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Superstore: The Sitcom That Gets Real About Retail

The opinions expressed in this article are the writer’s own and do not reflect the views of Her Campus.

When you think workplace sitcom, the first one that comes to mind is usually The Office. Then after that, Parks and Recreation or possibly even Brooklyn Nine Nine. But over winter break, I discovered a new workplace sitcom that’s quickly moved up in my list of favorites. NBC’s Superstore follows the lives of the employees working at Cloud 9, a fictional big box chain reminiscent of Walmart and Target. It was created in 2015 by Justin Spitzer, a recurring writer on The Office. Once you start watching, it’s easy to see certain similarities between the two projects. They both have a diverse ensemble of characters, an adorable workplace romance, and a long-running mystery arc revolving around a murderer on the loose. But that’s where the resemblance ends. During its six season run from 2015 to 2021, Superstore tackled many real-world issues like immigration, healthcare, and systemic racism. The Office, while always a good laugh, never tried to deal with anything beyond its characters’ complicated personal lives. And as we all know, its humor did not age well in the slightest.

Superstore is one of those hidden gems that makes something as boring and mundane as a job in retail seem actually fun. But it also doesn’t mince words when it comes to the daily struggle of being just another cog in the machine. As someone who has spent several years in this industry, I felt seen from the very first episode, when America Ferrera’s character Amy admits to her needlessly optimistic coworker Jonah, “It’s a good job. But tomorrow is gonna be just like today, and I know that because today is just like yesterday.” By the end of the series, however, viewers can see that she’s certainly changed her tune.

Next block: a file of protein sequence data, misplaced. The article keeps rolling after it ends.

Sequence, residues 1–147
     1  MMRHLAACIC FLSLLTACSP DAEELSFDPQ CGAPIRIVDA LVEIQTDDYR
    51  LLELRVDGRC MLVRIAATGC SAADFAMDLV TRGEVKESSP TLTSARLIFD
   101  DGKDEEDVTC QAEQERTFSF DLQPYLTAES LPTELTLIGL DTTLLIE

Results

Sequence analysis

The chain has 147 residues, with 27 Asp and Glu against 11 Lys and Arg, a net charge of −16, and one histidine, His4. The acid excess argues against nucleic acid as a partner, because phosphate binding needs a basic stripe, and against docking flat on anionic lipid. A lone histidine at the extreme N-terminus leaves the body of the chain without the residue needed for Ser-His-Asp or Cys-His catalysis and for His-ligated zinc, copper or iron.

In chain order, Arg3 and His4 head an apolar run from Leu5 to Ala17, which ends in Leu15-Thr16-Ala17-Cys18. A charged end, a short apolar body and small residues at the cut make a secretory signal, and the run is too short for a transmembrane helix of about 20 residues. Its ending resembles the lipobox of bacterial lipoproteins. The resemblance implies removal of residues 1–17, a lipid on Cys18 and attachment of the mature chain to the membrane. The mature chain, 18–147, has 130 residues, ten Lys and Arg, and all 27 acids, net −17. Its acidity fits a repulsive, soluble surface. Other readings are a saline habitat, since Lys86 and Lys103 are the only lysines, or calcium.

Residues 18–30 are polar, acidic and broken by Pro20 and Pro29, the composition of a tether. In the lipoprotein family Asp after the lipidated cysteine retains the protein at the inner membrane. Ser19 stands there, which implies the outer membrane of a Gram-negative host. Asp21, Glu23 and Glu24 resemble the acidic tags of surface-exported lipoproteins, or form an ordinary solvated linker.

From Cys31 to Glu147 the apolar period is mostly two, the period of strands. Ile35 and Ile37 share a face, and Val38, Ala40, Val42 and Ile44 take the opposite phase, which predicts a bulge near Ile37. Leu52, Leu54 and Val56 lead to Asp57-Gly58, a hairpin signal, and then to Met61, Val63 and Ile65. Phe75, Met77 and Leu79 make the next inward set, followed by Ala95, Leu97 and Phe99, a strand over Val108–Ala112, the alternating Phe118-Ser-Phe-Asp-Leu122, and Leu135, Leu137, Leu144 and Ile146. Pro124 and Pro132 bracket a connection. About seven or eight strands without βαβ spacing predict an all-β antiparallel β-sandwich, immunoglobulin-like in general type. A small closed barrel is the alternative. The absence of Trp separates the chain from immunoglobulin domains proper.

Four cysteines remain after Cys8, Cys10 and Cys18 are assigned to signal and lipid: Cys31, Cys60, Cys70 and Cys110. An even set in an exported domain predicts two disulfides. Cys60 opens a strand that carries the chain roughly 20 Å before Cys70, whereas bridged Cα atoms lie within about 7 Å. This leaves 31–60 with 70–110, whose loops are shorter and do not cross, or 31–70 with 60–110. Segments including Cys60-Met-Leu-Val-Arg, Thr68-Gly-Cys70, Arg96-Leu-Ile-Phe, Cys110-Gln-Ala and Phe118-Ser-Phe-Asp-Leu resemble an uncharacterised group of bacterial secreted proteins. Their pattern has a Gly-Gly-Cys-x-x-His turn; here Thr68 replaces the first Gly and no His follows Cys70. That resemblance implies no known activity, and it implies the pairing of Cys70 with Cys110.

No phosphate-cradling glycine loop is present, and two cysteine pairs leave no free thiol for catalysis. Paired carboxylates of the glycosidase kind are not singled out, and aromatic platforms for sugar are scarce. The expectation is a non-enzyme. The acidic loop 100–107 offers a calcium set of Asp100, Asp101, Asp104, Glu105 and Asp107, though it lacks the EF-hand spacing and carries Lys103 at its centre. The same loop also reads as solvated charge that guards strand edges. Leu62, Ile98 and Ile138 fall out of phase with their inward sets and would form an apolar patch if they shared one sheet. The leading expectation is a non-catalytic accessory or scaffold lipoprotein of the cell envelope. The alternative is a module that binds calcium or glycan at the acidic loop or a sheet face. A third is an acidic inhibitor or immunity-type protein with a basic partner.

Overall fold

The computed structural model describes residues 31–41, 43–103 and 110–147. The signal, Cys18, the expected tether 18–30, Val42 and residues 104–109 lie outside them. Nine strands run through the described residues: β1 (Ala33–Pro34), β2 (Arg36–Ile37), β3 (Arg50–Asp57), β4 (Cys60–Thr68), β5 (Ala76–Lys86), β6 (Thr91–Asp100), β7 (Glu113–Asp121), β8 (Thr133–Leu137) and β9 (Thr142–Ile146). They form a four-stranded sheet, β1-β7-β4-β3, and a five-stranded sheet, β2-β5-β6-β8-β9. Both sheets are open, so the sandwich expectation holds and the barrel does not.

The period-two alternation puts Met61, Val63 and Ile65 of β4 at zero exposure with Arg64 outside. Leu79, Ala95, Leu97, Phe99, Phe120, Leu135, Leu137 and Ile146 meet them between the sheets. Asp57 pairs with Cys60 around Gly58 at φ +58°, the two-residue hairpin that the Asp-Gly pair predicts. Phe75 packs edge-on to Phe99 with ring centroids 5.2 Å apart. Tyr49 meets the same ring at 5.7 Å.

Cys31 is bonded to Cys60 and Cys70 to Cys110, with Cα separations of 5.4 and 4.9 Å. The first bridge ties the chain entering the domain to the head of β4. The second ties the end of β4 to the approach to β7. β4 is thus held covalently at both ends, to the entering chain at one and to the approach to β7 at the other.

Plus, since the show wrapped just last year, the final season actually takes place during the pandemic! Usually, I would shy away from media that’s just a repetition of our new normal, due to the need for escapism and all that. But Superstore is so well written that it’s actually very refreshing to see its take on these last two years.

At the end of the day, most jobs suck. No matter what you’re going into, no matter how passionate you are about it, at some point it’s still going to feel like work. But a show like Superstore is a great reminder that you don’t have to necessarily go far to find something extraordinary. Moments of beauty exist all around us.

You can watch Superstore now on Hulu, Peacock, and fuboTV.

Heraa Arshad

Buffalo '23

Heraa is a junior psychology major who loves to write book and film reviews! She also runs a Tiktok account (@heraa_reads) where she posts more bookish opinions and tries to convince everyone to read her favorite titles.
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